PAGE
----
So I turned 40, and the year that followed was a really exhilarating one for me. It had a lot of travel and some adventure, and it was also really difficult, my mother was quite ill, my sister was suddenly a single mother with three kids, and it involved a lot of responsibility on my part to care for family and friends, and at the same time I was having all this unexpected freedom to go places and do what I wanted. Both those things undermined the expectation that we have, the language we use around women's experiences who are single, which is either you're an object of pity, or you're spoiled rotten.

I spent a lot of that year complaining about how there were no good stories about single women, period, that didn't end in marriage or a baby. At the end of that year, I sort of had this moment of, "well, write it." I wanted to see my life reflected back at me and my life is similar to that of so many women I know, and I wasn't seeing any of our lives reflected back to us. So I decided to write it myself.

The book shows how much responsibility single women can have. Do you think we're getting closer to a place where women get credit for that?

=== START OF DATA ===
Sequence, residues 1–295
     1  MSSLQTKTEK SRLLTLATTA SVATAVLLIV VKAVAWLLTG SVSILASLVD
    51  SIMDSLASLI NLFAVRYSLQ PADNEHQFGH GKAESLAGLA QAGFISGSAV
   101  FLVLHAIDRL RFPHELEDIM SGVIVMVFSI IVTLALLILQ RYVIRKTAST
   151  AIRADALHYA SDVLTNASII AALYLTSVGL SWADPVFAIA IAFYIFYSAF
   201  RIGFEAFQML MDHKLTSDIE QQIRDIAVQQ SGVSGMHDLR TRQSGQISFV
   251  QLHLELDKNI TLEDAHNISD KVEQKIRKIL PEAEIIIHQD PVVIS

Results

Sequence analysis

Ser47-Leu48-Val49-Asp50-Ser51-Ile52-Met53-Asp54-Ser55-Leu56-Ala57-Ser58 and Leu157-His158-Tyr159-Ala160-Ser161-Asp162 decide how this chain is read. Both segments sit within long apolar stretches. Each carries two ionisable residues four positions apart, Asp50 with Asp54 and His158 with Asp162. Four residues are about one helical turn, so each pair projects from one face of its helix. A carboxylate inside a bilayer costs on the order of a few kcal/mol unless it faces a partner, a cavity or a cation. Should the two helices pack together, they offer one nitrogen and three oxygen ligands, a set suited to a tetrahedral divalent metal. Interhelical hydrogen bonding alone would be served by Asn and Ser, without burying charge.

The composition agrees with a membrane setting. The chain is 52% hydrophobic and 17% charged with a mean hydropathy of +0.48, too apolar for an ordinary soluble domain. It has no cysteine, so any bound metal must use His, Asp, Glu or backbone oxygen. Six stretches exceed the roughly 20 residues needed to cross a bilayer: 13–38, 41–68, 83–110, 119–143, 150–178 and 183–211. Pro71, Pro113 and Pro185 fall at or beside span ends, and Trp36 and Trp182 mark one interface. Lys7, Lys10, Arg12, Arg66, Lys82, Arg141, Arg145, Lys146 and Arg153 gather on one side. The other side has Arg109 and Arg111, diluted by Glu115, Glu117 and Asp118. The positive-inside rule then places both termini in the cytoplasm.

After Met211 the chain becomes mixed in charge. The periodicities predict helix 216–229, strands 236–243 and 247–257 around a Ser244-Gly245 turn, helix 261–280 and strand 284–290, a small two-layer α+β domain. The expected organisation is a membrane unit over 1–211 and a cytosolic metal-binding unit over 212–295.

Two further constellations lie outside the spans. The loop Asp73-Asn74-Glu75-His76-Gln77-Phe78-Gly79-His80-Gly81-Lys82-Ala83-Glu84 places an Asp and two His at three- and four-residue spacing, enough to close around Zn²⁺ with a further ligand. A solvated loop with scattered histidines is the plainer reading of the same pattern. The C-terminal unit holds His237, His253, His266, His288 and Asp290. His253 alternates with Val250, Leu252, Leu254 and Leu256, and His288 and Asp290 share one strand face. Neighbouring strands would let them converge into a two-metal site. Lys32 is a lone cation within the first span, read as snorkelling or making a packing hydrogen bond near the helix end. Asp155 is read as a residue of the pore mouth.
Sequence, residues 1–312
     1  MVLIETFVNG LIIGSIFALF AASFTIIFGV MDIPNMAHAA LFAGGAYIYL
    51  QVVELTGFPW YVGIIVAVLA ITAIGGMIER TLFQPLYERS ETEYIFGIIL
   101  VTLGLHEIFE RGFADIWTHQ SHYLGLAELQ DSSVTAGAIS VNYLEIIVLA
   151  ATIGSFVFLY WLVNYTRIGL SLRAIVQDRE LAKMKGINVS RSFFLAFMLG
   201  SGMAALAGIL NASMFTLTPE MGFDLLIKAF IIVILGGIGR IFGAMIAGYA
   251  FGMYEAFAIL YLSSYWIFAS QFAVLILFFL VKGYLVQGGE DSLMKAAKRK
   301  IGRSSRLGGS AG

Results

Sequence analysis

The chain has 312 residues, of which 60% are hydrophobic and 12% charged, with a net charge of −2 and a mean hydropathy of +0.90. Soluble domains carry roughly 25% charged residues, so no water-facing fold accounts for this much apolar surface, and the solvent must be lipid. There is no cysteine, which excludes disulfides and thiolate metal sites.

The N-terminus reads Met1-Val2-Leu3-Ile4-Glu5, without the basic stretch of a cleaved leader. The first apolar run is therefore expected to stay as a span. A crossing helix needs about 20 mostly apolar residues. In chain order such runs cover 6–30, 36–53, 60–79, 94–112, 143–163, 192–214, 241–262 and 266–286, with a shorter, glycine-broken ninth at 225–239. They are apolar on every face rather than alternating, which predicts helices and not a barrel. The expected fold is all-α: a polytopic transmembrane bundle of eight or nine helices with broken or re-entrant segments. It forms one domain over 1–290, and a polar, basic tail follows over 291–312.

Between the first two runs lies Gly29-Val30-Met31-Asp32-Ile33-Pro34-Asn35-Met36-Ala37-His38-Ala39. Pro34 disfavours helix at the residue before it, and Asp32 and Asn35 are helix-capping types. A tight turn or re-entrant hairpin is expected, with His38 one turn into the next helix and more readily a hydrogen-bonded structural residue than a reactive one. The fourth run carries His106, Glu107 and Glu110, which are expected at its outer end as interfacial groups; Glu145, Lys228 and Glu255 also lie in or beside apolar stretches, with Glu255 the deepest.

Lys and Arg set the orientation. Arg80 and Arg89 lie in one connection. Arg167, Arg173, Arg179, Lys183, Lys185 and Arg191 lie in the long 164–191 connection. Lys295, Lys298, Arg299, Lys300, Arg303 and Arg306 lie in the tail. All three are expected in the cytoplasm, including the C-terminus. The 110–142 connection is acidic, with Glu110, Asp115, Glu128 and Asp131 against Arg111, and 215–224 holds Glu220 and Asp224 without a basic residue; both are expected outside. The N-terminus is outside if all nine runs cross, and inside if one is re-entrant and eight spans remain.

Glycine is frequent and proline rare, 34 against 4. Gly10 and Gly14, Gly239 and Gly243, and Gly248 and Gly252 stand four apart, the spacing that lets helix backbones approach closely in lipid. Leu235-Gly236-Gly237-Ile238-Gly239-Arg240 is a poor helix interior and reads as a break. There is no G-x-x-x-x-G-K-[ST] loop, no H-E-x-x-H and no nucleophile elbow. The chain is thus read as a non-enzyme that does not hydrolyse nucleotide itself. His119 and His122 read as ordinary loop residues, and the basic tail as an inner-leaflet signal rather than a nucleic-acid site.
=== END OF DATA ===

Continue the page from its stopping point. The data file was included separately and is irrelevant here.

I think it's still early days. But I do think we're getting there. I have increasingly had friends who are married or have kids be much more vocal about the importance of the women friends in their life who don't have kids, who aren't married, and who provide a real support system.

Just this morning, I was at my goddaughter's school share day, which they had named something like "Grandparents and Special Important People Day.” I'm noticing a real move around these sort of rituals to recognize what support systems actually look like.

One of the interesting things about the response to my book is how people have really responded to my mother's illness and this idea of being a caretaker. I think that so many women are experiencing that, and the fact that it's striking people as like, "I'm so glad someone finally wrote about this," is not a measure of my writing as much as it is the lack of conversation and stories around these experiences which are pretty commonplace.

Do you have any current role models who are older than you?